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    Libyan Opposition Leader Hails Obama Speech

    U.S. President Barack Obama speaks about the conflict in Libya during an address at the National Defense University in Washington, March 28, 2011.
    U.S. President Barack Obama speaks about the conflict in Libya during an address at the National Defense University in Washington, March 28, 2011.

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    • Clottey interview with Mufta Lamloom, leader of the main opposition Libyan National Movement

    Peter Clottey

    The leader of the main opposition Libyan National Movement says President Barack Obama’s speech late Monday demonstrates America’s commitment to not abandon ordinary Libyans in their time of need.

    Mufta Lamloom says America’s intervention in the Libyan crisis has prevented forces loyal to leader Moammar Gadhafi from massacring ordinary unarmed Libyans who are opposed to what he describes as Gadhafi’s tyrannical rule.

    “What I got from the speech is that he was very cautious trying to address the American people about what he did in Libya and that it was a decision that has to be taken without referring to anybody because there was a massacre about to happen in Benghazi,” said Lamloom.

    “It means a lot to Libyans. It means that the United States has not abandoned them in their hour of need because, despite all the obligations of the United States, despite all the hardships the whole world is going through, despite their involvement in Iraq and Afghanistan, the United States has found a way to intervene in the last minute to stop the massacre in Libya,” he added.

    In a nationally-televised address Monday from Washington, Obama accused Gadhafi of “brutal repression” and creating a “looming humanitarian crisis,” which he said forced the international community to act.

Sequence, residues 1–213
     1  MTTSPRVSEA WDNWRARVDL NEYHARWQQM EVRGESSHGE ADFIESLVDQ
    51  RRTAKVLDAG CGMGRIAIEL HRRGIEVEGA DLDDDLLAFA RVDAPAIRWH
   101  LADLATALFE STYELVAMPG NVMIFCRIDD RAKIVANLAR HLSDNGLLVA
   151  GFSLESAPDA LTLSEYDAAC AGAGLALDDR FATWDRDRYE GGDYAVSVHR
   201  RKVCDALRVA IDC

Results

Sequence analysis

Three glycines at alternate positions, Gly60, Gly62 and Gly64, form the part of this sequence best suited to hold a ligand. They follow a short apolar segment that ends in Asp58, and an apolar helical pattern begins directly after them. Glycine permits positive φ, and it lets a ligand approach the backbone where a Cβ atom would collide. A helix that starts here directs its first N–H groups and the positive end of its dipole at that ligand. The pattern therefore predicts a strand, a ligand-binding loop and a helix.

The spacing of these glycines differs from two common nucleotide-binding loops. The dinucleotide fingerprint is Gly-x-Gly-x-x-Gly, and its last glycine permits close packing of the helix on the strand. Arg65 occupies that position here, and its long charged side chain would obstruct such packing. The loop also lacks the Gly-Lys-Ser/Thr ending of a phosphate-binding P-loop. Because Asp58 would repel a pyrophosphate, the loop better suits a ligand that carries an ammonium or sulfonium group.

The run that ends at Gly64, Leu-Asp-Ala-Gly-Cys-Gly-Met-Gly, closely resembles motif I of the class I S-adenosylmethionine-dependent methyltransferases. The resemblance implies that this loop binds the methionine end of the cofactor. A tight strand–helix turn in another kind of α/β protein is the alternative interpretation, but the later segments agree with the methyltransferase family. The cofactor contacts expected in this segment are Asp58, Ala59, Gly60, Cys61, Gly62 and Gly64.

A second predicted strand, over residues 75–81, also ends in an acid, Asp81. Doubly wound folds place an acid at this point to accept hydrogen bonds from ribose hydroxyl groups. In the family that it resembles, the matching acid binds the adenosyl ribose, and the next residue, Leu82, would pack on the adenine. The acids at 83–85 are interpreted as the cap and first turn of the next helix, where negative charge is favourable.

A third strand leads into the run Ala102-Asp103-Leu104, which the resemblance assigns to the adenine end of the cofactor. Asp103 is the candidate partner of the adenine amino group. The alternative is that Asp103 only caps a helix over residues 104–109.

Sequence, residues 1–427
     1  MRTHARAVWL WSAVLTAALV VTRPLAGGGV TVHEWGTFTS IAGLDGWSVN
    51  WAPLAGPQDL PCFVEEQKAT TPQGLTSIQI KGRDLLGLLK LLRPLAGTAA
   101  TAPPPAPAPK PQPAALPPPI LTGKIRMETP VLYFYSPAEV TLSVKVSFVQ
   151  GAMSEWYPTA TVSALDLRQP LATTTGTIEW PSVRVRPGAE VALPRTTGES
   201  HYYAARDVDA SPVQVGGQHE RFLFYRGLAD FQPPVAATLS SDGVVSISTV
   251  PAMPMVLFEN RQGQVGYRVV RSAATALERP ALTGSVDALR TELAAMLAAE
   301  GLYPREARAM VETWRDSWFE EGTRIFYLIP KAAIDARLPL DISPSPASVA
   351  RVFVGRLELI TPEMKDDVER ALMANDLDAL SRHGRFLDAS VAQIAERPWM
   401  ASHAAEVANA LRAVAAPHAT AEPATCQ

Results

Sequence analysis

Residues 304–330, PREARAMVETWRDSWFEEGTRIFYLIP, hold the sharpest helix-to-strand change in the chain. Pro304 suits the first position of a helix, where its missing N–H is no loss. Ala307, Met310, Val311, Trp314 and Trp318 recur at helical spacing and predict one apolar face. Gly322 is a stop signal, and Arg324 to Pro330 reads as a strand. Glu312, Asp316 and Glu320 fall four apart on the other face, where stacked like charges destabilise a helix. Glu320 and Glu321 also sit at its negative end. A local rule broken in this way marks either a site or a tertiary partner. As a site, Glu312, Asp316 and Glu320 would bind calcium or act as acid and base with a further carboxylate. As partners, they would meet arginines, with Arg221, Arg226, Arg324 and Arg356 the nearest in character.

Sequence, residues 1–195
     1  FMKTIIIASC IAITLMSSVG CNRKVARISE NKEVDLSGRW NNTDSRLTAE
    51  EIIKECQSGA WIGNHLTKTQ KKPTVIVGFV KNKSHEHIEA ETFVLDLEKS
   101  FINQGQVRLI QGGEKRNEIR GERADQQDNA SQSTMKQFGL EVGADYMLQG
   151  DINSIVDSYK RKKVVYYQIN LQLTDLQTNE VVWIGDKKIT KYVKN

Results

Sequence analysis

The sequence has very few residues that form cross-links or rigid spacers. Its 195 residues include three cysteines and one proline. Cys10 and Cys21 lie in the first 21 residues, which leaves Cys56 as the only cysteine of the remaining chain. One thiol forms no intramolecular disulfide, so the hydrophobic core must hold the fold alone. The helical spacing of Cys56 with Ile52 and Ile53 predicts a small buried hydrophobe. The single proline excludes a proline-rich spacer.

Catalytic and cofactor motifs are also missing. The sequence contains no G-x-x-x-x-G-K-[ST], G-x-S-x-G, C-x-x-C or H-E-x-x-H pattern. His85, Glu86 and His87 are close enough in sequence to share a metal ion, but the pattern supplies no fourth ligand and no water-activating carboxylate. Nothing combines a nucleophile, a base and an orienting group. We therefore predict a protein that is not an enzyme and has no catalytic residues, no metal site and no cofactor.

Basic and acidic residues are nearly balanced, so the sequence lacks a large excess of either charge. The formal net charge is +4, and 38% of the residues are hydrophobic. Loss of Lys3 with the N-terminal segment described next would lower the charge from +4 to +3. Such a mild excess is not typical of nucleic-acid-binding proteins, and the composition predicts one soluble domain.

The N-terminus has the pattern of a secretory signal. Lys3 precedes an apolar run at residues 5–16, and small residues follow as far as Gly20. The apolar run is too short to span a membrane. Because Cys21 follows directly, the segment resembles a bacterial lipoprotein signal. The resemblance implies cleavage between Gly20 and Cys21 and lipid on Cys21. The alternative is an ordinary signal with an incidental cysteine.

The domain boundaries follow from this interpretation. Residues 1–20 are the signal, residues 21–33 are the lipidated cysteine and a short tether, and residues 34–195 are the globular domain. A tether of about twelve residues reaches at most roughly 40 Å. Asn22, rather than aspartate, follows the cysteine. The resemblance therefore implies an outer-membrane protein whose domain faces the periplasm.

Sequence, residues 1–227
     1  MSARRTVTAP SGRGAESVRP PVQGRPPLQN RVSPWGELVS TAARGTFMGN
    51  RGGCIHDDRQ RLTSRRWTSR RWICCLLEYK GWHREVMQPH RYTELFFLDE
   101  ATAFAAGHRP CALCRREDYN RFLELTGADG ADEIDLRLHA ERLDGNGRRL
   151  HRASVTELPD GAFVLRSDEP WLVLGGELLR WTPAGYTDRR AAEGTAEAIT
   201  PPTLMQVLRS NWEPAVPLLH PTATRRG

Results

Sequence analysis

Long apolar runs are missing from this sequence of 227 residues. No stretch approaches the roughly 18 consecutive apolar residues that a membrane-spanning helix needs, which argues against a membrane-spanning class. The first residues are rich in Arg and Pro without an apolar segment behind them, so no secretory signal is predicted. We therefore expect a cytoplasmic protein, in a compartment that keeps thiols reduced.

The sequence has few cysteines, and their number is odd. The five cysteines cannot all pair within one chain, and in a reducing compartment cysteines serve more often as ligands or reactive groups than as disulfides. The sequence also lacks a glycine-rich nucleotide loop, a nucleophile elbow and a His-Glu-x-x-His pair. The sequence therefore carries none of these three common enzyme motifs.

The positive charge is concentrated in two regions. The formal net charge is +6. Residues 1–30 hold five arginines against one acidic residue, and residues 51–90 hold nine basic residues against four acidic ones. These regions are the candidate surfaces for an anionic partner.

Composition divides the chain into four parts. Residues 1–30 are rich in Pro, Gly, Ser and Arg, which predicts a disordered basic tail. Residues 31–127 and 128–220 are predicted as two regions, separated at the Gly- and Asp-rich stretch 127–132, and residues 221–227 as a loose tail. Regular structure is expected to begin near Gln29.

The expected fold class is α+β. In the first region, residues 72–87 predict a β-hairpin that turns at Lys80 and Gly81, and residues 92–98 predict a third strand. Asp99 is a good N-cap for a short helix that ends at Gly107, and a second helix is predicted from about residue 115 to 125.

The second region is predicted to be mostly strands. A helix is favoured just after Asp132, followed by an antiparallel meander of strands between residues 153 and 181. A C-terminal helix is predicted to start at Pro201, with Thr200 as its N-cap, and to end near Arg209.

Lamloom hailed Obama’s speech saying Libyans are encouraged and pleased with America’s intervention.

    “[Libyans] will take from the speech that United States has obligations towards the people of the world, especially those who are seeking to liberate themselves from dictatorship and want freedom. This has been shown in a very precise and clear language. He said, whoever is looking for their freedom, they will find a friend in the United States,” Lamloom said.

    Obama's speech came 10 days after the Western air campaign against forces loyal to Gadhafi began. He pointed out that the campaign was authorized by what he called a historic vote in the U.N. Security Council and that NATO is to assume enforcement of the no-fly zone and the protection of the Libyan people.

    Lamloom also says his expectations about Obama’s speech were met.

    “What Libyans see in it [the speech] is that what the coalition or NATO has done is that they have opened the way for Libyans to talk to the chief of the dictatorship. At one point, the Libyans were desperate because Gadhafi was actually massacring the people…he uses the pretext of fighting fundamentalists or al Qaeda,” Lamloom said.

    “But, nobody in Libya will believe that because we don’t have those elements in Libya. What Gadhafi was doing was just killing his people systematically. He was encouraging his troops to rape women; that is something that should not be accepted in the Arab World,” he added.

    Obama repeated his pledge that the U.S. role would be limited and no U.S. ground forces would be used. The speech was designed to address the concerns of those in Congress and elsewhere who have criticized Obama for failing to clarify U.S. goals before involving U.S. forces in the air assault in support of Libyan rebels.

    His speech comes on the eve of a 35-nation conference in London to discuss the situation in Libya and ways to bring about regime change there.

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